On Thursday, journalists may be writing the most important story of 2019 when they report whatever the Justice Department releases of the Mueller report.
What the report does or does not show, you should resolve now to limit the adjectives you use to report this story on Thursday.
Take a pledge not to use the word “explosive” as so many did describing Michael Cohen’s Congressional testimony. (Just Google “explosive Cohen” and you will see what I mean.)
Journalists will be looking for some key themes. It may help to have this timeline spreadsheet in front of you when you get the report in hand to keep track of what happened when.
What evidence is there that the president obstructed justice? Attorney General William Barr said the Mueller report did not find enough evidence to say if the president obstructed justice. The AG’s conclusion that there was not enough evidence is not to say there was no evidence. Barr’s summary said:
The Special Counsel therefore did not draw a conclusion — one way or the other — as to whether the examined conduct constituted obstruction. Instead, for each of the relevant actions investigated, the report sets out evidence on both sides of the question and leaves unresolved what the Special Counsel views as “difficult issues” of law and fact concerning whether the President’s actions and intent could be viewed as obstruction. The Special Counsel states that “while this report does not conclude that the President committed a crime, it also does not exonerate him.”
Journalists will be looking at what evidence there is and what is lacking in the evidence.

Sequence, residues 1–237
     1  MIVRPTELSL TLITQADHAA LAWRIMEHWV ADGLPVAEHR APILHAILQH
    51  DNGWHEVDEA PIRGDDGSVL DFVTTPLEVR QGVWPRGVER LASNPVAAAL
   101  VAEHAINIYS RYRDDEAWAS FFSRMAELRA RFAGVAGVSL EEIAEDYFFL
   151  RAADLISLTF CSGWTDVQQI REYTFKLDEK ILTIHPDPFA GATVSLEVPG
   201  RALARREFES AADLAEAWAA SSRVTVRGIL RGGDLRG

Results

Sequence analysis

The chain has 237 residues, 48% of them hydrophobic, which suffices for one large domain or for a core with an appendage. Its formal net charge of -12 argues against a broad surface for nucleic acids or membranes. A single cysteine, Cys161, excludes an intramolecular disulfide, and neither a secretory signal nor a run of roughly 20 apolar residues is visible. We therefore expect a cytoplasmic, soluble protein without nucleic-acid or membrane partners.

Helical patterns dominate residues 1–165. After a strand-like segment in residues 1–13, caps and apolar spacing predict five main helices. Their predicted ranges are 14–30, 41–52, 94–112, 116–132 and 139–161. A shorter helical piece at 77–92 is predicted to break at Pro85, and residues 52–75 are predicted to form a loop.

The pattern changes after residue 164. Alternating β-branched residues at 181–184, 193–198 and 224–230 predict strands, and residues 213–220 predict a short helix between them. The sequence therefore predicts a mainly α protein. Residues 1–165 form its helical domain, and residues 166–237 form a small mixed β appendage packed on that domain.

How much did the Russians do to undermine the 2016 election? Journalists will be looking for whatever evidence Mueller found that the Russians hacked into election systems and used social media to influence voters. Don’t forget that underlying all of this investigation is evidence that a foreign government tried to undermine a U.S. presidential election. What has your city/county/state done to increase security of voting machines and records? Last year, Congress allocated $400 million for states to tighten elections security. Here is a list of how much each state and territory got.
What did your state do with that money?
The Department of Homeland Security said last year that the inability to audit election results in some states is a national security risk. Some states had no paper backup to the electronic systems they use.
To what extent did the Trump campaign interact with Russians during the 2016 campaign? Did Barr correctly summarize the Special Counsel’s investigation when he wrote:
“The Special Counsel’s investigation did not find that the Trump campaign or anyone associated with it conspired or coordinated with Russia in its efforts to influence the 2016 U.S. presidential election. As the report states: “[T]he investigation did not establish that members of the Trump Campaign conspired or coordinated with the Russian government in its election interference activities.”
The PBS NewHour published a list of search terms you could use to help you flash through the report. Using their suggested words, let me add a little context as to what you could look for. The hot terms you might try include:
Obstruction: Look for what the proof is or isn’t. U.S. federal law defines obstruction as anyone who “corruptly … endeavors to influence, obstruct or impede the due and proper administration of the law under which any pending proceeding is being had before any department or agency of the United States.”
Conspiracy: Look for who colluded with whom. It is the word the president denies the most, as in “no collusion.” But if the report shows “some collusion” it would be big trouble for the president.
Putin: Conventional wisdom is that the Russian president is behind whatever the Russians did to interfere in the election. Is there any proof?